History of Disability Rights and Movement


Policies and legislation which favored lifelong institutionalization, incarceration and segregation of people with disabilities, particularly children, were the norm; People institutionalized or incarcerated have no legal right to challenge their detention; Multiple international examples of systematic and sanctioned murder of people with disabilities especially women and children.


People with learning difficulties are categorized within international legislations as ‘idiots’, ‘imbeciles’, ‘feeble-minded’ or ‘morally defective’; The British Eugenics Society leads a movement which purports that offering medical and social services to people with disabilities would ‘lead to the degeneration of the human race’; International policies which favor the confinement, segregation, sterilization and lobotomization of people with disabilities are the norm; Commencement of international legislation in favor of the compulsory forced sterilization of people with disabilities. Many such pieces of legislation were not repealed until the 1970s. 


Commencement of systematic murder of people with disabilities in Nazi Germany via involuntary euthanasia, leading to an estimated 275,000 deaths.


First international movements from institutionalization to community care; Widespread systematic forced sterilization of people with disabilities; Expansion of laws governing the compulsory sterilization of people with disabilities to include women ‘at risk’ of giving birth to a child with disabilities.


The first official Paralympic Games held.


England passes the Chronically Sick and Disabled Persons Act, which is the first in the world to recognize the rights of people with disabilities, and includes the provision of welfare assistance, housing and equal rights to recreational and educational facilities.


UN Convention on the Rights of Mentally Retarded Persons.


UN Convention on the Rights of Disabled Persons.


International Year of Disabled Persons.


UN World Programme of Action Concerning Disabled Persons.


UN International Decade of Disabled Persons.


Many countries adopt provisions within anti-discrimination legislation to include people with disabilities; Significant increase in numbers of disability advocacy and rights organisations globally.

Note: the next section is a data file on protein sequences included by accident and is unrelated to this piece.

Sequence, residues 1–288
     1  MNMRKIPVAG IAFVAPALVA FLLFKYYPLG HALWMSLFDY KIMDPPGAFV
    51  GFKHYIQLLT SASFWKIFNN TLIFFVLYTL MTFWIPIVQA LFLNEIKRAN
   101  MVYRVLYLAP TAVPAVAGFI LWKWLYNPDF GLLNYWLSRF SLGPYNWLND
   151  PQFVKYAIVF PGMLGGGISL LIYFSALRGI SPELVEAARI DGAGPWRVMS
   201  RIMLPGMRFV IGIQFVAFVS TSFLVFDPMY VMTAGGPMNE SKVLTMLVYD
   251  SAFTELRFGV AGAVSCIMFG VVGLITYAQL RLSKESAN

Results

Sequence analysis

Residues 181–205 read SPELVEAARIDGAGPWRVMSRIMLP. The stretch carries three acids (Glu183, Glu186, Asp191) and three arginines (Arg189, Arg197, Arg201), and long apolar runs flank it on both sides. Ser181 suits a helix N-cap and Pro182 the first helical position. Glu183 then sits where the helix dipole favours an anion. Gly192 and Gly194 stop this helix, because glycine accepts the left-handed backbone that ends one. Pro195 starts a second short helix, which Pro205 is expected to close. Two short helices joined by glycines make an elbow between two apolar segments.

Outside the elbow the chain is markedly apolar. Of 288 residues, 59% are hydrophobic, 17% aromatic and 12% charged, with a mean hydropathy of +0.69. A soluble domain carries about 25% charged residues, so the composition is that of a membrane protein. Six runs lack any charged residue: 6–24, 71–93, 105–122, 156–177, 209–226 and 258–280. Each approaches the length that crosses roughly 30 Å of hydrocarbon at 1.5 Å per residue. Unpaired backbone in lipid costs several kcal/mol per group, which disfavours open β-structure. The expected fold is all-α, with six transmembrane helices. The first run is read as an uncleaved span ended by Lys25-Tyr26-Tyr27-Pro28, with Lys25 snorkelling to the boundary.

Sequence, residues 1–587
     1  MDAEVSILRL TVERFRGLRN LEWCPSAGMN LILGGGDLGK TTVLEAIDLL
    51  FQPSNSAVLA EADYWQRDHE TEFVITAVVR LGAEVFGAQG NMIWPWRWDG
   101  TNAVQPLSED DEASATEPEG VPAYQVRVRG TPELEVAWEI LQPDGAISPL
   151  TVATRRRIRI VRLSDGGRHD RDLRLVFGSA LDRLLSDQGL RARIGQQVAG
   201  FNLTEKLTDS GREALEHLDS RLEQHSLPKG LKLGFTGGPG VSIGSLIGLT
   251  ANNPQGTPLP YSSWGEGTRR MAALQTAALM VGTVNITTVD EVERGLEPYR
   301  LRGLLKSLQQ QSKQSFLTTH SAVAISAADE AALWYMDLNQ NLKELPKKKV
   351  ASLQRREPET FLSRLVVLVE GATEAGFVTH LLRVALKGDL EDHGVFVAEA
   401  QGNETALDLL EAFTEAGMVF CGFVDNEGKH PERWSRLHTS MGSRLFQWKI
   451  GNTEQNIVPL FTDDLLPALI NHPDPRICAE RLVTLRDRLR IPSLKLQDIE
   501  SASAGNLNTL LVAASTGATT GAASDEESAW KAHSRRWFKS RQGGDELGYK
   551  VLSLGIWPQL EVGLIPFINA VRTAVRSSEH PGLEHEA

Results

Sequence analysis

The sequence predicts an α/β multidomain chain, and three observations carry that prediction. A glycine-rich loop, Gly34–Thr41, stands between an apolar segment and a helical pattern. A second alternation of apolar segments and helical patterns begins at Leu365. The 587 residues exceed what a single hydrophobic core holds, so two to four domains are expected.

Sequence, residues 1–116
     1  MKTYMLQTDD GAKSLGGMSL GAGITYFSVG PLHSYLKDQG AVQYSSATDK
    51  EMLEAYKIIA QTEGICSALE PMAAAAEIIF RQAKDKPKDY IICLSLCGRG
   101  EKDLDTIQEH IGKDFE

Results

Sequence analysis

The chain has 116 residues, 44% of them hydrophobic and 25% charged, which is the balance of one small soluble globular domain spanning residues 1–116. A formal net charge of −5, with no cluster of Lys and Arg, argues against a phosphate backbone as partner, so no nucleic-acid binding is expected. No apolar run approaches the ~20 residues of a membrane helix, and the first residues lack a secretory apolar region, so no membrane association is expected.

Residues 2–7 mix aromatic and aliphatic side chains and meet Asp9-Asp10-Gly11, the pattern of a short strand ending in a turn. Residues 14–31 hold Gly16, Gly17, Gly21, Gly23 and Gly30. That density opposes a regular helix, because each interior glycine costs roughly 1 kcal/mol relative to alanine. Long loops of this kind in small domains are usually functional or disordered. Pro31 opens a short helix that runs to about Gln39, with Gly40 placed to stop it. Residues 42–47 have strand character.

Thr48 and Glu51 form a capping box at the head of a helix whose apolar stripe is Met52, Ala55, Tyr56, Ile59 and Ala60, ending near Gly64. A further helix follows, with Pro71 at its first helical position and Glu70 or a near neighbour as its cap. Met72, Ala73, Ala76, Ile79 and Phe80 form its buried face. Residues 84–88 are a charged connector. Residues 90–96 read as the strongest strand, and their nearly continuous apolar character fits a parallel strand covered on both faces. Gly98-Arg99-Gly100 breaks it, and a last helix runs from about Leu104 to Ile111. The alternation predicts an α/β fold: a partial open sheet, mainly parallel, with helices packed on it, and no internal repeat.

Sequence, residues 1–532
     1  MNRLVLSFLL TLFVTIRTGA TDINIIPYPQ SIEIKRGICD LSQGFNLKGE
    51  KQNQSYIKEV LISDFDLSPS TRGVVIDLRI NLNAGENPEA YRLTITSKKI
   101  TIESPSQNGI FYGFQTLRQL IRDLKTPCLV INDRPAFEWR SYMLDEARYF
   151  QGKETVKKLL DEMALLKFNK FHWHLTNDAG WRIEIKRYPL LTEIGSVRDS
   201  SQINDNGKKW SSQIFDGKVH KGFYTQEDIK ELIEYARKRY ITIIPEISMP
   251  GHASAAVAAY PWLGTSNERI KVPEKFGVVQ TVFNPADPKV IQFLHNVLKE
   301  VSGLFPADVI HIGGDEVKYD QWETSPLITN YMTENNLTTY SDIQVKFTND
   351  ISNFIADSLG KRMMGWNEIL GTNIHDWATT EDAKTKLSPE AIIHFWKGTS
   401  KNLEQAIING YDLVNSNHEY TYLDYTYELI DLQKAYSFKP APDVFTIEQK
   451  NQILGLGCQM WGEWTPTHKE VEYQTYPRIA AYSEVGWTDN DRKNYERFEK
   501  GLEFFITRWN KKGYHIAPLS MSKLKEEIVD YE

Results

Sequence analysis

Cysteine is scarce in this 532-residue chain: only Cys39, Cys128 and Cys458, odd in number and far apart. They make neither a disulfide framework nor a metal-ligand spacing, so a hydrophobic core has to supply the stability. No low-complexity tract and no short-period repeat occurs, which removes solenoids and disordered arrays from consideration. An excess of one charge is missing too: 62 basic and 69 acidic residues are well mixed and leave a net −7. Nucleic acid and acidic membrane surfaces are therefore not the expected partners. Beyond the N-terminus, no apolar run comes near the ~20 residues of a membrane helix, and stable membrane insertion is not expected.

UN adoption of the Principles for the Protection of Persons with Mental Illness and for the Improvement of Mental Health Care.


UN Proclamation of International Day of People with Disabilities (3rd December).


UN adoption of the Principles for the Protection of Persons with Mental Illness and for the Improvement of Mental Health Care.


The World Summit for Social Development’s Programme of Action recognized the pressing need for the full participation and equality of people living with disabilities; The World Conference for Women recognized the additional discrimination faced by women with disabilities.


Significant case law (internationally) reflecting the empowerment of people with disabilities. Such case law includes access to employment, education, facilities and transport, electoral processes, and healthcare; Shift of public policy towards self-directed models of support for people with disabilities (Personalization in the UK [2003], the National Disability Insurance Scheme in Australia [2013]). Continued implementation of policy, legislative and social change agendas; Enhanced sophistication of advocacy bodies coupled with well-aligned social policy platforms.


The International Classification of Functioning, Disability and Health (ICF) endorsed by the World Health Organisation.


Adoption of UN Convention on the Rights of Persons with Disabilities (CRPD); Ratification of the CRPD by 163 countries, and the commencement of the development of legislation to guarantee the human rights of people with disabilities in most countries; Launch of the UN Global Initiative for Inclusive Information and Communication Technologies.


National Disability Insurance Scheme in Australia.


UN and World Health Organisation’s releases joint international statement ‘Eliminating forced, coercive and otherwise involuntary sterilization’.

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“International Day of People with Disabilities is a special time to celebrate the achievements and contributions as well as increase public awareness, understanding and acceptance of people with disability.”